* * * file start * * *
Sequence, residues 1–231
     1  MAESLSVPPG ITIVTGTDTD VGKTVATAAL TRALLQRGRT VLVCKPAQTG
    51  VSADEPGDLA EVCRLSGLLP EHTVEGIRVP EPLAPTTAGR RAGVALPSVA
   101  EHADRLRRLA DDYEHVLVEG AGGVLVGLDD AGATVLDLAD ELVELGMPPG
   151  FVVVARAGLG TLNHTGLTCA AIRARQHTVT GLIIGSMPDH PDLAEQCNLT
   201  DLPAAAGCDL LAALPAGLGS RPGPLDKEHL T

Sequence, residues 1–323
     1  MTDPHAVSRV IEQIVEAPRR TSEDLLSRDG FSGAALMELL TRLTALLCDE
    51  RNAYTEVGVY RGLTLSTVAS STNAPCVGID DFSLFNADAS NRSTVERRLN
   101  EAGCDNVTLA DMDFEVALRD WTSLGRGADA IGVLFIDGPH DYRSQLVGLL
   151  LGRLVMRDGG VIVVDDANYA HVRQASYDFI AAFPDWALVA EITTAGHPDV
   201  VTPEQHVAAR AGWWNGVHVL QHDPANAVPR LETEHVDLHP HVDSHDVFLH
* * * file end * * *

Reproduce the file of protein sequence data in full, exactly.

Sequence, residues 1–231
     1  MAESLSVPPG ITIVTGTDTD VGKTVATAAL TRALLQRGRT VLVCKPAQTG
    51  VSADEPGDLA EVCRLSGLLP EHTVEGIRVP EPLAPTTAGR RAGVALPSVA
   101  EHADRLRRLA DDYEHVLVEG AGGVLVGLDD AGATVLDLAD ELVELGMPPG
   151  FVVVARAGLG TLNHTGLTCA AIRARQHTVT GLIIGSMPDH PDLAEQCNLT
   201  DLPAAAGCDL LAALPAGLGS RPGPLDKEHL T

Sequence, residues 1–323
     1  MTDPHAVSRV IEQIVEAPRR TSEDLLSRDG FSGAALMELL TRLTALLCDE
    51  RNAYTEVGVY RGLTLSTVAS STNAPCVGID DFSLFNADAS NRSTVERRLN
   101  EAGCDNVTLA DMDFEVALRD WTSLGRGADA IGVLFIDGPH DYRSQLVGLL
   151  LGRLVMRDGG VIVVDDANYA HVRQASYDFI AAFPDWALVA EITTAGHPDV
   201  VTPEQHVAAR AGWWNGVHVL QHDPANAVPR LETEHVDLHP HVDSHDVFLH